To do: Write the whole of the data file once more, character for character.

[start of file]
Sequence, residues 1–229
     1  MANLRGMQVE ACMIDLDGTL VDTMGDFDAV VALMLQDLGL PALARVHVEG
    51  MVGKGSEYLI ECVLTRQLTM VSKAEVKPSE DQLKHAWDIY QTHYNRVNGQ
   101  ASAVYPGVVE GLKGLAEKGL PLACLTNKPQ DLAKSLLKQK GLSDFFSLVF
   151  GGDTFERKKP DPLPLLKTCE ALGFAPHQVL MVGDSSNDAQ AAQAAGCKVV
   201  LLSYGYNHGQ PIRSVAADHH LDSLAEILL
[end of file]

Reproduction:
Sequence, residues 1–229
     1  MANLRGMQVE ACMIDLDGTL VDTMGDFDAV VALMLQDLGL PALARVHVEG
    51  MVGKGSEYLI ECVLTRQLTM VSKAEVKPSE DQLKHAWDIY QTHYNRVNGQ
   101  ASAVYPGVVE GLKGLAEKGL PLACLTNKPQ DLAKSLLKQK GLSDFFSLVF
   151  GGDTFERKKP DPLPLLKTCE ALGFAPHQVL MVGDSSNDAQ AAQAAGCKVV
   201  LLSYGYNHGQ PIRSVAADHH LDSLAEILL